Learning to live in a Donald Rumsfeld world (Part 2)
A world of known-knowns, known-unknowns, and unknown-unknowns… it might make one wonder if we have all somehow passed through Lewis Carroll’s looking glass. And yet for planning purposes, Donald Rumsfeld’s path to understanding the various factors that could impact the future can be remarkably illuminating.
Last week’s column discussed three major known-knowns that will likely leave America’s short-term economic outlook quite modest, including a largely impotent Federal Reserve, deadlocked fiscal policymakers and a slowdown among many previously fast-growing economies around the world.
That, of course, brings the analysis to the known-unknowns, which is to say, factors which can be identified that will shape the U.S. economic performance, but which remain a mystery as to precisely what direction/form their influence will take. At least three known-unknowns can be easily identified.
First and foremost on the list of known-unknowns is the euro-zone crisis and its outcome for this year and beyond. In the last couple of weeks, it might seem as though some clarity has been brought to this issue. Earlier this month the Greeks voted, in essence, to remain a part of the euro-zone and accept their bailout obligations via austerity measures related to government spending and taxation. But at the same time, the new government of Greece indicated a desire to renegotiate some portions of the austerity program, the form of which remains unknown at this time. As well, the French elected a Socialist president who suggested that austerity measures should take a backseat to promoting economic growth. This could well leave funding organizations such as the IMF (International Monetary Fund) and the EFSF (the European Financial Stability Facility) in a quandary as to how they can justify allowing at-risk nations to expand the government’s role at a time of required deficit/debt reduction.
Within the euro-zone, Spain and Italy are increasingly vulnerable to economic/financial problems. Spain recently announced the need for up to a 100 billion euro rescue of their banks, and both nations are experiencing a worrisome increase in borrowing costs given the uncertainty of their fiscal positions. While far more could be said of the situation (such as the bailout needs of Cyprus), all euro-related issues point to a continuation of unknown outcomes to this known problem, with some people/businesses likely putting off decisions until some clarity occurs.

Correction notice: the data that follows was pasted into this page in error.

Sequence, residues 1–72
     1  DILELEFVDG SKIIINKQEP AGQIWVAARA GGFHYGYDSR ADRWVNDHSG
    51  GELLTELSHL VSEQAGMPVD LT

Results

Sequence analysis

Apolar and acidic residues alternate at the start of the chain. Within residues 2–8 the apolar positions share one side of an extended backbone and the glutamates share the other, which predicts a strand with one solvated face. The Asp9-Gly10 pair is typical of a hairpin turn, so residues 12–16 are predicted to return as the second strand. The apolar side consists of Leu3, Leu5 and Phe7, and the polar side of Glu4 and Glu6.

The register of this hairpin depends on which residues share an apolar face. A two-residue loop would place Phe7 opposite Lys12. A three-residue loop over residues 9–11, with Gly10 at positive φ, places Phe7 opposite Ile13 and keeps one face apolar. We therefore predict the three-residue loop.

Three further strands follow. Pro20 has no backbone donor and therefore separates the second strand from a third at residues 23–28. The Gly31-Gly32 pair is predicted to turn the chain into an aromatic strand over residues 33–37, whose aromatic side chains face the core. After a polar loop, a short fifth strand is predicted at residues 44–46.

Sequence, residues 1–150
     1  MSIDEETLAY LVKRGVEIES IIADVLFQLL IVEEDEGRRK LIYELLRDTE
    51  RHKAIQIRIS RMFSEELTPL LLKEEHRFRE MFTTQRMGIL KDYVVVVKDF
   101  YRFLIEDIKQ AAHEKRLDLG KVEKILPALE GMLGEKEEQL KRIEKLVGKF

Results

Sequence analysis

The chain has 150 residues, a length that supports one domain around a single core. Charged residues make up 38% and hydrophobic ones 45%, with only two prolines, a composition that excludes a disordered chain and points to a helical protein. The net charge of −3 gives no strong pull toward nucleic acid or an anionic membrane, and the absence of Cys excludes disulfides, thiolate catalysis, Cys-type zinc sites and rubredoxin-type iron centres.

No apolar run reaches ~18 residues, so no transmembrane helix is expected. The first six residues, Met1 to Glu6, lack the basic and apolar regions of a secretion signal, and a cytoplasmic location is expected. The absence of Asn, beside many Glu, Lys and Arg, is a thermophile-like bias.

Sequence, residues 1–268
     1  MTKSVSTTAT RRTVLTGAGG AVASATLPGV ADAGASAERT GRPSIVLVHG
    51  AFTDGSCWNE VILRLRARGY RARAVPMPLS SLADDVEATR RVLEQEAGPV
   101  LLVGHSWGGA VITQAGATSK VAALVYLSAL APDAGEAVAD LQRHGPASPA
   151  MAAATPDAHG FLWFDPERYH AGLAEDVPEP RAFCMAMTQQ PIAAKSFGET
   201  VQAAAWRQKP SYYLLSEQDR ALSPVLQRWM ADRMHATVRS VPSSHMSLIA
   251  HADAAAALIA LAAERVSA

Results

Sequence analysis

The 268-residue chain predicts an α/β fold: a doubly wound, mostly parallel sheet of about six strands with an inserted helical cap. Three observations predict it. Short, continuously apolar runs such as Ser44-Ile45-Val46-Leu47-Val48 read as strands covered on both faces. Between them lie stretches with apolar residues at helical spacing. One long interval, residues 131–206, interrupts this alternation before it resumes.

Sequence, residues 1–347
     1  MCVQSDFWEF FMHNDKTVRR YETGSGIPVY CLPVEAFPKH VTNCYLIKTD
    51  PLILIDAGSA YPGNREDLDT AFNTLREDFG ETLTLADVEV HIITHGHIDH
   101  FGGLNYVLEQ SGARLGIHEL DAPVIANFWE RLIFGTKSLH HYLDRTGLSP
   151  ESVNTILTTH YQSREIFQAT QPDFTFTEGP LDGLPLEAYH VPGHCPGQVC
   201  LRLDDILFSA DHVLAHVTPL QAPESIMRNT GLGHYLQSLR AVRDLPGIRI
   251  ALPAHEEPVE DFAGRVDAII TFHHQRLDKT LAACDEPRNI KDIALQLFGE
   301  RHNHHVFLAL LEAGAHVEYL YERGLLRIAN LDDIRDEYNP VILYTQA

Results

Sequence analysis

The U.S. also has its own known-unknown government matter; what is being called the “fiscal cliff” the country faces at year’s end. On Dec. 31, a number of tax increases and spending cuts will occur unless Congress and the president reach some sort of agreement in the current highly politicized environment. So will everyone in the entire country be allowed to fall off the cliff? Will only the rich be pushed over? Will the defense industry see a sharp reduction in government’s outlays? Will the long-term unemployed see an end to the federal government’s extended unemployment benefits?
All of these issues will likely remain unknown until after the election and even then a satisfying resolution is uncertain. No small matter, since the Congressional Budget Office estimates that if the fiscal cliff remains in place and all of the automatic adjustments occur, the U.S. would likely enter a recession at the beginning of next year since the total value of the growth-killing measures amount to 3.5–4.0 percent of GDP.
One other known-unknown is any potential military operations undertaken by Israel against Iran as the latter continues its desire to move into the group of nations with nuclear weapons. At the start of this year the issue was front-and-center in oil markets. It has since receded in its “known-unknown” relevance, but events could certainly occur to bring it back to the forefront and drive up world oil prices.
In all of these factors, as well as the known-knowns discussed last week, the impact on the U.S. economic outlook would likely be to restrain growth opportunities.
In the world of Donald Rumsfeld, the final piece of the planning puzzle is “unknown-unknowns.” So what are these and how does one plan for them? Unknown-unknowns, by definition, are totally unexpected and cannot be a part of any reasonable planning process. One such unfortunate example was the tsunami of 2011 and its depressing impact on the Japanese economy and the rest of the world.
So, aside from any unknown-unknowns which may occur, what do the known-knowns and known-unknowns suggest about the rest of 2012? Tune in next week for my best guess.
Dr. James Newton serves as chief economic advisor to Commerce National Bank and is an auxiliary faculty member in economics and statistics at OSU-Marion and OSU-Newark. Dr. Newton’s views do not necessarily reflect those of Commerce National Bank or OSU-Marion/Newark.